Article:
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A break clause is an option to determine a lease at an agreed point, before the end date of the lease. This may be exercisable only on one specific date, or it might be that it can be used on any date after a certain period. The clause will usually also say if it can be exercised by the landlord, by the tenant or by both. If the break clause is silent as to who can exercise the right to break, then it is exercisable only by the tenant.
Frequently, a break clause within a lease will only be exercisable if certain conditions are met. These will vary depending on the terms of the lease. Examples of conditions to exercising a break clause may be that all rent must be up to date, or that the property must be restored to its original condition. Case law indicates that any pre-conditions must be strictly complied with in order for a break clause to be validly exercised.
It seems likely that the impacts of COVID-19, such as businesses being in a state of distress and financial strains on all, will cause an increase in the numbers of both landlords and tenants considering exercising their break clauses in their commercial leases.
In the current climate of uncertainty, any conditions attached to a break clause should be carefully considered.
The tenant may be required to pay rent in full up to the date of the exercise of the break and the termination date. If tenants cannot pay or are in dispute, they will not be able to satisfy this condition. Tenants should check with landlords that all of their rent is up to date.
If any rent concessions have been agreed, which many landlords and tenants are likely to be considering due to increasing financial pressures, they will need to make sure that they address the issue of the rent condition in the break when they are dealing with the concession.
Rent may also refer to service charge rent. Presently, most large sites such as shopping centres have been subject to closures. This could mean service charge sums may be in dispute if tenants are not benefitting from any services for the period of the closure. Tenants should consider the provisions in the lease carefully as they will potentially still need to pay any charges (even those in dispute) in order to meet the conditions in the break clause.
For commercial tenants currently concerned about rent payments, it is worth noting that under the Coronavirus Act 2020, commercial landlords are presently unable to forfeit a lease for non-payment of rent between 25 March 2020 and 30 June 2020 (or longer if the government deems it necessary).
The break clause may require tenants to give vacant possession on the break date. This usually includes the removal of fixtures and fittings. If a tenant has exercised a break by giving notice and the break date is coming up, tenants should be alert to any new announcements for removal companies. As of 31st March 2020, the current government guidance for removal companies is to honour any existing commitments, whilst following the measures in place such as abiding by the 2-metre rule. Removal companies are only able to enter properties which have not been exposed to COVID-19. The government guidance is ever-changing so both parties should pay close attention to any new announcements in this respect. If a tenant is unable to remove any fixtures or fittings, this may invalidate the break notice. Further, if there are any sub-tenants in the occupation of the property, the tenant will be unable to provide vacant possession.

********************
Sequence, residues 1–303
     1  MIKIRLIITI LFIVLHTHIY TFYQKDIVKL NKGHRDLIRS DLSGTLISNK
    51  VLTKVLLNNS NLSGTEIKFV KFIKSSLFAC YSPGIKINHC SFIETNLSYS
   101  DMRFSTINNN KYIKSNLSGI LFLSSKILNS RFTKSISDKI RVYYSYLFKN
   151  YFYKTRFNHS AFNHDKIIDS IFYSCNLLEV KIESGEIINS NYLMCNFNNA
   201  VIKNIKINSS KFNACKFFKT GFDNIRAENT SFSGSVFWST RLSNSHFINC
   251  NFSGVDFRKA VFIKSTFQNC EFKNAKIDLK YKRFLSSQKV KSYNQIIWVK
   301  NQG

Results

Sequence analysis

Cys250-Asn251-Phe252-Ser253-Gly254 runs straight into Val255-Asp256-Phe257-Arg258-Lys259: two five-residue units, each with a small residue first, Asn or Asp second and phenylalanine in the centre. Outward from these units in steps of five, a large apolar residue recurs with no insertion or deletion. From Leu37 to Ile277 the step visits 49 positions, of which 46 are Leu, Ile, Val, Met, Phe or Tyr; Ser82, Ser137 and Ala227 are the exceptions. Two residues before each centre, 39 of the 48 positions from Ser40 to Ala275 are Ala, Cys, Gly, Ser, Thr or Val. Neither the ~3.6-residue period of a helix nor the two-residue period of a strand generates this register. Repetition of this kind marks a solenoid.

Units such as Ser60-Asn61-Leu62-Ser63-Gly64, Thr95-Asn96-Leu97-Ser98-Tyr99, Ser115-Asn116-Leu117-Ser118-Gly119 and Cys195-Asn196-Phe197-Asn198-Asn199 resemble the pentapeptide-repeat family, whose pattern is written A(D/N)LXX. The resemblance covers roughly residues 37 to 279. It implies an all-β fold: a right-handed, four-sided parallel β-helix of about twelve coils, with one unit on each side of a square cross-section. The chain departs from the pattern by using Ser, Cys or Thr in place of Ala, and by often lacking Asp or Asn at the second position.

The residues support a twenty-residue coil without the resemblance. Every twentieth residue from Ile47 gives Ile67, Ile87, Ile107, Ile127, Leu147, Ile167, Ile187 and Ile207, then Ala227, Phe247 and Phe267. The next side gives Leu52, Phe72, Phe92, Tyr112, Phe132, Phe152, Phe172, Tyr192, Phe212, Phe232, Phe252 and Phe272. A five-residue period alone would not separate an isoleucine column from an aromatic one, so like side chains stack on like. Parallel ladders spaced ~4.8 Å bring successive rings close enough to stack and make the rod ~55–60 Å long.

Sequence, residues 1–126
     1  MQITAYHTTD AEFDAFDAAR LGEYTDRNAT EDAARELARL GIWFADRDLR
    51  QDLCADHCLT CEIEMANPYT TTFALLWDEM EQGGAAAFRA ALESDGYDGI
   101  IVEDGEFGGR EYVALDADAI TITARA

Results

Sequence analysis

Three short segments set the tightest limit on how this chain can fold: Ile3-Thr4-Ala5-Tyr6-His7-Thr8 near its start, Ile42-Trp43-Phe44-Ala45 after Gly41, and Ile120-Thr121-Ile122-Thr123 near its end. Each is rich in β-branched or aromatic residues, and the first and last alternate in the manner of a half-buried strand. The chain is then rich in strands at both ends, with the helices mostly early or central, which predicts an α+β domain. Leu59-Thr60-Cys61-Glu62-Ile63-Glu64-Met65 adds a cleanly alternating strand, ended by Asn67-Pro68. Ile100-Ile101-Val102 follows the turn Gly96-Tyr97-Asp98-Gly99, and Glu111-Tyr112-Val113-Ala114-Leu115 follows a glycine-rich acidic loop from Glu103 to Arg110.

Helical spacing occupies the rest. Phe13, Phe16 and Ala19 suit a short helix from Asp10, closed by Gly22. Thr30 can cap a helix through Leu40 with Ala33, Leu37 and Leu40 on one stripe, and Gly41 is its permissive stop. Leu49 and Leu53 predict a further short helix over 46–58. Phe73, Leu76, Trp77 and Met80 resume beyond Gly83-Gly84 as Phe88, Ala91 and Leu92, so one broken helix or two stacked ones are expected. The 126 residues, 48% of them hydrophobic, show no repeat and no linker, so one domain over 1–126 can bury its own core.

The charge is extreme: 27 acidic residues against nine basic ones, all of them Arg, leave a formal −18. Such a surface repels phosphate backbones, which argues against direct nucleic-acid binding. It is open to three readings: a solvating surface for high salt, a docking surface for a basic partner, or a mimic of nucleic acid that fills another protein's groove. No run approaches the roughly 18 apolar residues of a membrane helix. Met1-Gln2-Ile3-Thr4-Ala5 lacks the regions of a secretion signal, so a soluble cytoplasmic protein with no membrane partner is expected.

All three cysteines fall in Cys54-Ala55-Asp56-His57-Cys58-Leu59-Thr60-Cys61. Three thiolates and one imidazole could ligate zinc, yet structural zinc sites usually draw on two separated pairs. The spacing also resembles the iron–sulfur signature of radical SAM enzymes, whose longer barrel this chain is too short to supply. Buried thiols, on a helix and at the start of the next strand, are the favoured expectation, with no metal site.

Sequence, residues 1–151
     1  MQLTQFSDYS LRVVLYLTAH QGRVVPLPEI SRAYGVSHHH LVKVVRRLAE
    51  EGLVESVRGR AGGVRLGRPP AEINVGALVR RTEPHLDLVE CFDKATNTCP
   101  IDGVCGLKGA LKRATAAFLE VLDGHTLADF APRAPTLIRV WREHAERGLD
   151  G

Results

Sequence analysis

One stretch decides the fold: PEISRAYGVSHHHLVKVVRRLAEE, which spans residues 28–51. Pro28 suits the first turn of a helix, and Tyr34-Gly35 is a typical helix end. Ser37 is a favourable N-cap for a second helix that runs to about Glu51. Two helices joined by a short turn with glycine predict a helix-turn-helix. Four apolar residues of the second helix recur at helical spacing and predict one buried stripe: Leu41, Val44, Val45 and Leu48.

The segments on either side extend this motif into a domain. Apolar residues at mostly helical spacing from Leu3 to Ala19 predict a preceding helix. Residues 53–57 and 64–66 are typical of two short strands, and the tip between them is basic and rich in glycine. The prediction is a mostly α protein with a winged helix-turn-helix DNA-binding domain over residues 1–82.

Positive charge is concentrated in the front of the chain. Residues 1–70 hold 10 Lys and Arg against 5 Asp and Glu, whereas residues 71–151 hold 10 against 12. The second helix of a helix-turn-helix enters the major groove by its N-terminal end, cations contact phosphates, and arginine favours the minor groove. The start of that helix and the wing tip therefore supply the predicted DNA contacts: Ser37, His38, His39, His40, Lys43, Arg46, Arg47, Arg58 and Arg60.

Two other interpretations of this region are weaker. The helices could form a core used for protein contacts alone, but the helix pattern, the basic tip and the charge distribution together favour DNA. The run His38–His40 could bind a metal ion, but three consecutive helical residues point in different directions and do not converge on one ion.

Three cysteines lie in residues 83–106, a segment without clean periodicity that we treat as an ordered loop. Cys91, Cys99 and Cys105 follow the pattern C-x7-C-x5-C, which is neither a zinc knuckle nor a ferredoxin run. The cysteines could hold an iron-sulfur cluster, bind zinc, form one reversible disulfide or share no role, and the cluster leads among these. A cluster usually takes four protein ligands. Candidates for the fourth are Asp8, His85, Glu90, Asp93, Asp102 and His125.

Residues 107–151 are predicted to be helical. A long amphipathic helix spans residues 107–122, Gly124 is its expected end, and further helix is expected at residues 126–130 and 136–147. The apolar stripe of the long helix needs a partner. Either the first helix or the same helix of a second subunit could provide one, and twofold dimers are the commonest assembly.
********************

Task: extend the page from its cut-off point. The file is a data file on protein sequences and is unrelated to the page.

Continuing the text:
The break clause might require a tenant to have complied with its obligations in the lease in respect of reinstatement of alterations or decorating. As with vacant possession, it may be that compliance with these obligations is not currently practicable.
For instance, if a property requires extensive works it might be that it is not possible to arrange these works being carried out within the specified period of time, or even at all as there is no certain end date to the lockdown period.
Landlords and tenants could also consider whether a deed of surrender can be entered into. A deed of surrender is a consensual arrangement between both landlord and tenant to determine the lease. This may be a more practical consideration at present given the potential difficulties of complying with break clause conditions. Landlords could agree to waive some of the conditions on the break but preserve the obligations on the tenant to carry out or pay for dilapidations or pay rent. However, it is worth noting that landlords are under no obligation to enter such a deed or to re-negotiate the terms of the lease.
If either party believes that the conditions attached to the break clause are satisfied and that the break clause date has been met, it is essential to also comply with any requirements relating to notice for the break. Usually, the form and the length of the notice will be determined in the lease. Unless the break clause provides otherwise, the notice to break is normally given by written notice in accordance with the service requirements contained in the lease. Consideration needs to be given whether in the current circumstances the parties are able to comply with the strict service provisions in the lease.